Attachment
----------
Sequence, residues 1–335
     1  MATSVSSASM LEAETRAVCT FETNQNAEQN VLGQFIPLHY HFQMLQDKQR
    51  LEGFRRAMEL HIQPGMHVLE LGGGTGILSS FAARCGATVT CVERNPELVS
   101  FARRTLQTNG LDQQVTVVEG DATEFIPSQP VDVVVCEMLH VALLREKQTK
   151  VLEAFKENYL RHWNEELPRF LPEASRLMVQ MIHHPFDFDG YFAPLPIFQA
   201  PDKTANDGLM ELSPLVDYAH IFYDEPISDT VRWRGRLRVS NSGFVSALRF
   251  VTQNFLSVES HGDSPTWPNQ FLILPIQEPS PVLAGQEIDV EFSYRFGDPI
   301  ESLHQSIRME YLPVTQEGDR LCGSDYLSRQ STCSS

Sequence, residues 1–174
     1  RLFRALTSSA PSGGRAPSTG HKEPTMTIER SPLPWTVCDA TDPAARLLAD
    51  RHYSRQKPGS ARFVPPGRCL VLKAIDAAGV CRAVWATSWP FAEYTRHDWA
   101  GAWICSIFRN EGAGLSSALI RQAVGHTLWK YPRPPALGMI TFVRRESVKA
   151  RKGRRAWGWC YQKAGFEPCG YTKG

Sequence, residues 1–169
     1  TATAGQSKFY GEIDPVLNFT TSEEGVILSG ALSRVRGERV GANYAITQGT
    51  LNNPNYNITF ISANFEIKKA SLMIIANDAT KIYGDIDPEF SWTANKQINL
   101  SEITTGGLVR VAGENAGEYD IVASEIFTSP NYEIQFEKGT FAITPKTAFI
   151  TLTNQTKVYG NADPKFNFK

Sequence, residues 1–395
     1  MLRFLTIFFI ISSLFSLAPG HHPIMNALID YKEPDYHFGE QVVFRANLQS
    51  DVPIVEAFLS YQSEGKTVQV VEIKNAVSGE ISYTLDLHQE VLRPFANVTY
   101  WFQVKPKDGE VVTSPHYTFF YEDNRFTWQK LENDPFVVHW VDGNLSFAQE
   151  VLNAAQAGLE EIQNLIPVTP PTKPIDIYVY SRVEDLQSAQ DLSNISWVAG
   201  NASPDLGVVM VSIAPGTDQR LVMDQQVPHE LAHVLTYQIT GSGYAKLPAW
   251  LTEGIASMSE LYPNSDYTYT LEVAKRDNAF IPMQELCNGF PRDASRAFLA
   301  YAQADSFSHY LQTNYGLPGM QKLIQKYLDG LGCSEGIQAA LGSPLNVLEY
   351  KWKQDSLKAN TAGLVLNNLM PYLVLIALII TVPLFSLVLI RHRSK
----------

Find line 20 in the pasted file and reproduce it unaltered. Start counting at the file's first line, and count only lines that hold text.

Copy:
     1  MLRFLTIFFI ISSLFSLAPG HHPIMNALID YKEPDYHFGE QVVFRANLQS